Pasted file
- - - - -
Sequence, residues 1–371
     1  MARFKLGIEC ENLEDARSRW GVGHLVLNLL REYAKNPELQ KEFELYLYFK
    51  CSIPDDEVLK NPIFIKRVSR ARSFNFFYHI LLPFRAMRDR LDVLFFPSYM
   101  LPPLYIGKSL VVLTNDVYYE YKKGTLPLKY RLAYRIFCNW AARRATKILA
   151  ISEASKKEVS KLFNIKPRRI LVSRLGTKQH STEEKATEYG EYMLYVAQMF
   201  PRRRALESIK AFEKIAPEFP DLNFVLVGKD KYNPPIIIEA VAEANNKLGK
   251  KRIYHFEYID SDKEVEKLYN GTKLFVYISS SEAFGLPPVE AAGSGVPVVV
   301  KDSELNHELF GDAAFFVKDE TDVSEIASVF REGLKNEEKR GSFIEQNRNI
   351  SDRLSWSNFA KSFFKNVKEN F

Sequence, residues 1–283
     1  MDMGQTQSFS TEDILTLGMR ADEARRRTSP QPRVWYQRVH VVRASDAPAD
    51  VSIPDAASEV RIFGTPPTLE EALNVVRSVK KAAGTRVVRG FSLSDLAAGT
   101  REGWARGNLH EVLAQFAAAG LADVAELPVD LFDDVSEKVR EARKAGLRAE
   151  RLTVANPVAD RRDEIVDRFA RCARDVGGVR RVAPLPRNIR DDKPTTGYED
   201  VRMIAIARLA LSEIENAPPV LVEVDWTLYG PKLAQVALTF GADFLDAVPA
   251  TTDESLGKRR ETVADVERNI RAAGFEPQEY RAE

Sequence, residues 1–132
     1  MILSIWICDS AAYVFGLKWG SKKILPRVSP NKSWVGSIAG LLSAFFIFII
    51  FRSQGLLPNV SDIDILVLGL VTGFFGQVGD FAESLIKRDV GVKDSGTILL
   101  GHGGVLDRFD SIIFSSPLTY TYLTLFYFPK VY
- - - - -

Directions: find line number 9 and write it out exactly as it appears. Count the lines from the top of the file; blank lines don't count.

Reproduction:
   351  SDRLSWSNFA KSFFKNVKEN F